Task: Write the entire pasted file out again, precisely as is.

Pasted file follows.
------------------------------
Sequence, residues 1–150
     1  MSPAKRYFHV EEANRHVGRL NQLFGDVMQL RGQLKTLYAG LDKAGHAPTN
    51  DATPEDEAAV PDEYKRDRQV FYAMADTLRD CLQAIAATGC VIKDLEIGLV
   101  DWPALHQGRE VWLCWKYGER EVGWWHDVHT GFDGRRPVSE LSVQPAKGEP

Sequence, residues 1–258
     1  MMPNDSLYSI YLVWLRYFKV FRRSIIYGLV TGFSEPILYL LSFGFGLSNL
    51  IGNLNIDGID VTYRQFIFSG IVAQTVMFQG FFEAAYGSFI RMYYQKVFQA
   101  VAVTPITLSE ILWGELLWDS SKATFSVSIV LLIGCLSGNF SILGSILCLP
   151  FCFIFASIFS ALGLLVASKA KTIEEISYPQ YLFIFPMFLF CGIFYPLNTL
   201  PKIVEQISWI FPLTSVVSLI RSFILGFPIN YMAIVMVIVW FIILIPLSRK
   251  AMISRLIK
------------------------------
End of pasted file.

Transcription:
Sequence, residues 1–150
     1  MSPAKRYFHV EEANRHVGRL NQLFGDVMQL RGQLKTLYAG LDKAGHAPTN
    51  DATPEDEAAV PDEYKRDRQV FYAMADTLRD CLQAIAATGC VIKDLEIGLV
   101  DWPALHQGRE VWLCWKYGER EVGWWHDVHT GFDGRRPVSE LSVQPAKGEP

Sequence, residues 1–258
     1  MMPNDSLYSI YLVWLRYFKV FRRSIIYGLV TGFSEPILYL LSFGFGLSNL
    51  IGNLNIDGID VTYRQFIFSG IVAQTVMFQG FFEAAYGSFI RMYYQKVFQA
   101  VAVTPITLSE ILWGELLWDS SKATFSVSIV LLIGCLSGNF SILGSILCLP
   151  FCFIFASIFS ALGLLVASKA KTIEEISYPQ YLFIFPMFLF CGIFYPLNTL
   201  PKIVEQISWI FPLTSVVSLI RSFILGFPIN YMAIVMVIVW FIILIPLSRK
   251  AMISRLIK